-Race alert! I’m running the Oakland half-marathon on Sunday. This race totally kicked my ass two years ago due to a combo of warmer-than-expected weather and a too-fast pace, so going into it with a goal of keeping it under two hours and the strategy of really trying to maintain a steady pace (especially for the first couple of miles) and doing what I can to stay cool. If that involves dumping water over my head at every water stop, so be it.
The latest in a series of interviews with script readers and consultants who would be worth your while to work with if you want to get your script in shape. Today’s spotlight is on Danny Manus of No Bullscript Consulting.
Danny Manus is the former Director of Development for Sandstorm Films (The Covenant, 8MM2) and Clifford Werber Productions (Cinderella Story, Just Add Water), where he sold “To Oz” to United Artists. He’s the author of “No B.S. for Screenwriters: Advice from the Executive Perspective” and was ranked one of the Top 15 “Cream of the Crop” script consultants in CS Magazine. He was also named one of Screencraft’s “25 People Screenwriters Should Follow on Twitter.”
1. What’s the last thing you read/watched that you thought was incredibly well-written?
The best written things I’ve watched lately have been on TV. There are movies I’ve really enjoyed – Chef, Planet of the Apes, Guardians of the Galaxy, Fault in our Stars, Bad Words, etc. – but none this year yet that I thought were OMG fantastic writing. To be fair, I haven’t seen Boyhood yet. But for me, TV is where the best material is these days. My favorite new comedy is You’re the Worst on FXX. I also really enjoyed The Last Ship on TNT and Masters of Sex on Showtime this summer. I’m sure there are wonderfully written books out there, but I don’t get to read them.
2. How’d you get your start reading scripts?
My first start was as an intern about 13 years ago at Columbia Tri-Star in TV Development and 20TH Century Fox Feature Casting. I was charged with reading everything that came in and doing coverage on them. But I used to go through their archive library and just read as many as I could, especially at Tri-Star. My coverage was liked by the VPs I worked under so much that they loaned me out to the SVP (Sarah Timberman at the time, who would not remember me if you paid her) and then the President at the time. Those gigs gave me enough coverage samples to land my first assistant job after I graduated.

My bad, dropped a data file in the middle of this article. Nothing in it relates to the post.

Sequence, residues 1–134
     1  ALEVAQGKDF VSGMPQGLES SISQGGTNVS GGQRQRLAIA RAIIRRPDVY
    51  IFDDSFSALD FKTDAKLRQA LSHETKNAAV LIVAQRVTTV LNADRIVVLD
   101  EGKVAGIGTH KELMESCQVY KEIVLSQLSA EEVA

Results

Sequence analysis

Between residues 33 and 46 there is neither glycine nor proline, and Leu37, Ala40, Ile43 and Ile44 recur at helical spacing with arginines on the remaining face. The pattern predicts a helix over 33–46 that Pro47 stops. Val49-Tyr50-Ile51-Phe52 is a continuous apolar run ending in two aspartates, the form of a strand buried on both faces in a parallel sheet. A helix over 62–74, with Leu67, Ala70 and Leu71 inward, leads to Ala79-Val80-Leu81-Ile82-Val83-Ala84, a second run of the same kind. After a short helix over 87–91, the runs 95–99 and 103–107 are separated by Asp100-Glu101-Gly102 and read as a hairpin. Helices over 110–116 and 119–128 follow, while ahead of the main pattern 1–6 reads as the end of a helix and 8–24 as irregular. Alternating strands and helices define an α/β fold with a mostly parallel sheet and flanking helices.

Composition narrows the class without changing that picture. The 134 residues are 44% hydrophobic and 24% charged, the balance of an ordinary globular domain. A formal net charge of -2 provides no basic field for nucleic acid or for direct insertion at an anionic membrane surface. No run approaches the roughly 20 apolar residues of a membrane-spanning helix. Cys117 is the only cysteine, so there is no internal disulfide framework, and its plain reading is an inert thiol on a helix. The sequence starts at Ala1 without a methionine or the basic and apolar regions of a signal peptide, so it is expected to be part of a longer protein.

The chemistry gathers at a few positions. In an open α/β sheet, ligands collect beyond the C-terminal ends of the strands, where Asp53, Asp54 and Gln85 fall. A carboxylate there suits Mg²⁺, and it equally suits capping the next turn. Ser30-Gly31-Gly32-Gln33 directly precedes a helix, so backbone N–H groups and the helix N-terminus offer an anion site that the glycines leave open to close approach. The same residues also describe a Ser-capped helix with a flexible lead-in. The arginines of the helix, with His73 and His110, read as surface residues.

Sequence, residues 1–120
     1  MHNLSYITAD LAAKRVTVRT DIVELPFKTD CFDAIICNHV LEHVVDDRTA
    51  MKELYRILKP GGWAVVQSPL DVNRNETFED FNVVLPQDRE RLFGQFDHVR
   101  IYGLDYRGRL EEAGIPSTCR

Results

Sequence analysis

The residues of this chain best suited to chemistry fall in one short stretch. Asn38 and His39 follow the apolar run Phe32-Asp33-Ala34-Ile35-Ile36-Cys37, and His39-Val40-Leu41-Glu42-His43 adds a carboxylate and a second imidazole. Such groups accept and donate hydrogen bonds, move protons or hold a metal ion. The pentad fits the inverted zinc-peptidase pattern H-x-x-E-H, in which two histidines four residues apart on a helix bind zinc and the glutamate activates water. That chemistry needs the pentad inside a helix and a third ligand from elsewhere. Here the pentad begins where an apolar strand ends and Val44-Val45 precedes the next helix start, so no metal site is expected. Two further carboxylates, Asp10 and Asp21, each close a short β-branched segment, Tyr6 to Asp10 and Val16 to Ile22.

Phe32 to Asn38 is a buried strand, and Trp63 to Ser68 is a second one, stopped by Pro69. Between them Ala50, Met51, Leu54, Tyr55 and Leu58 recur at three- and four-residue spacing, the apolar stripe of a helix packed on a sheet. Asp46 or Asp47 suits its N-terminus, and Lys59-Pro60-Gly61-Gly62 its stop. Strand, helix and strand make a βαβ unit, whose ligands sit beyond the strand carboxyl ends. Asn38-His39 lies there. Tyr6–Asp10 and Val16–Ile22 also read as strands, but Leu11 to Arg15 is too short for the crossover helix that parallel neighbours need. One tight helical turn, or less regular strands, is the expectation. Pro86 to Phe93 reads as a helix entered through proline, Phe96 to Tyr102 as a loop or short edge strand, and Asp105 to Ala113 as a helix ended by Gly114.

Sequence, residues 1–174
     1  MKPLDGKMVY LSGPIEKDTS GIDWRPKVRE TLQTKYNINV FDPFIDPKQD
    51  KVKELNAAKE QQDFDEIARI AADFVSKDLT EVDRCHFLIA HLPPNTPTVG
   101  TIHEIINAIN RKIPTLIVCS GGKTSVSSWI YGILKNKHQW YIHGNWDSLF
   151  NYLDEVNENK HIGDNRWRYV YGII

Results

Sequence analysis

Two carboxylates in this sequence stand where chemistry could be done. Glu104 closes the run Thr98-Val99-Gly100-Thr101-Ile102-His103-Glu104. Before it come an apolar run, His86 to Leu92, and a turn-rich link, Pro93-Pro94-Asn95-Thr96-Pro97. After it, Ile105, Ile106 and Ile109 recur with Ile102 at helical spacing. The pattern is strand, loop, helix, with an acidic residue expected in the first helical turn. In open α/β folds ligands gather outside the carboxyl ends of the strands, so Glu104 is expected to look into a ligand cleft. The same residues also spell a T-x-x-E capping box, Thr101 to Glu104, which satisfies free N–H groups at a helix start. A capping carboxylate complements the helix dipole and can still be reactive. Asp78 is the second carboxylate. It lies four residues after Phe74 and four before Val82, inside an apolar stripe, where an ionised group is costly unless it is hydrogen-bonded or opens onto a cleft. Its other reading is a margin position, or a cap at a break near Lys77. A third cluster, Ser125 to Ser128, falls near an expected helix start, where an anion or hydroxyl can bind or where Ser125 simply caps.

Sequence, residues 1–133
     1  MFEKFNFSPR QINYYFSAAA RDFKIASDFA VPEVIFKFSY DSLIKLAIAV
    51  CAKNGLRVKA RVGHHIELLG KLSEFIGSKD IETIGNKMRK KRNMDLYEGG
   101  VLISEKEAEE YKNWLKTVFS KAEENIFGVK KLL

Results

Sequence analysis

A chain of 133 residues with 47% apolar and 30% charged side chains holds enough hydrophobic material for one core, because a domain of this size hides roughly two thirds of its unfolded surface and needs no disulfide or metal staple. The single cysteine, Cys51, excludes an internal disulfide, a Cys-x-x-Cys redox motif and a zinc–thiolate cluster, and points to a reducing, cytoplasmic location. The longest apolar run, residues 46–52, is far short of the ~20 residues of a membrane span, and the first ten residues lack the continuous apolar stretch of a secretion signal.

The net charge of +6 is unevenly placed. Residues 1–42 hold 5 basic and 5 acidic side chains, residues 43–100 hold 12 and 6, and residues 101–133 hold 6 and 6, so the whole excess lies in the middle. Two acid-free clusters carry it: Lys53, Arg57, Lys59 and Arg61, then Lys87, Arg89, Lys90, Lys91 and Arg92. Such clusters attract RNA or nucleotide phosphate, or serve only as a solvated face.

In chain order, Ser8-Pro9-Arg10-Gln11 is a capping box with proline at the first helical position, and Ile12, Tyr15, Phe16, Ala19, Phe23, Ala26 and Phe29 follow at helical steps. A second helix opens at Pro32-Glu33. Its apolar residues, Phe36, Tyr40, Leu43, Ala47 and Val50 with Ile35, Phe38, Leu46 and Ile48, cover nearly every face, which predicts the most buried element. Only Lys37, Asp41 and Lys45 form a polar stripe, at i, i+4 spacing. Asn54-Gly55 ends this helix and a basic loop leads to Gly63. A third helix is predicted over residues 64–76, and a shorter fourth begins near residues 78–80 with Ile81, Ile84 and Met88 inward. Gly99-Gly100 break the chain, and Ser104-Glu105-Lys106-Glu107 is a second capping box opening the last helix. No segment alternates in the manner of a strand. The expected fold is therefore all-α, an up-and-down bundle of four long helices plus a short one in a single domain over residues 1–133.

3. Is recognizing good writing something you think can be taught or learned?
Recognizing bad writing is something anyone can do. Recognizing great writing is something that can be taught and learned with time and experience. As a first year assistant and intern, I could tell you what was written poorly. But it took a few years of reading hundreds and hundreds of scripts to TRULY understand good writing. And many thousands of scripts later, I’m still learning.
You can’t read a book on screenwriting and think you’re suddenly able to be a professional consultant or reader or writer. There is no checklist given to new readers, it’s learned on the job – that’s why it’s SO important for writers to READ. Though I actually did develop a checklist I used to give to my interns. It was 110 items long. But if you’re a great reader, they are all just in your head and you notice them naturally.
4. What are the components of a good script?
There are basic elements everyone agrees on – a concept and hook that sparks a reaction and has potential to lead somewhere intriguing; compelling, three-dimensional characters who make you want to follow them; dialogue that feels sharp and precise yet natural and flows; enough growing conflict and high enough stakes to keep ones interest; and a plot that progresses throughout the script in interesting ways. Every script should have strong setups, executions and payoffs. But to make it go from good to great, it’s about the X-factor. Some of that is voice, but some of it is just the right writer writing the right story in the right way at the right time. That’s when true brilliance strikes. And it doesn’t happen often.
5. What are some of the most common mistakes you see?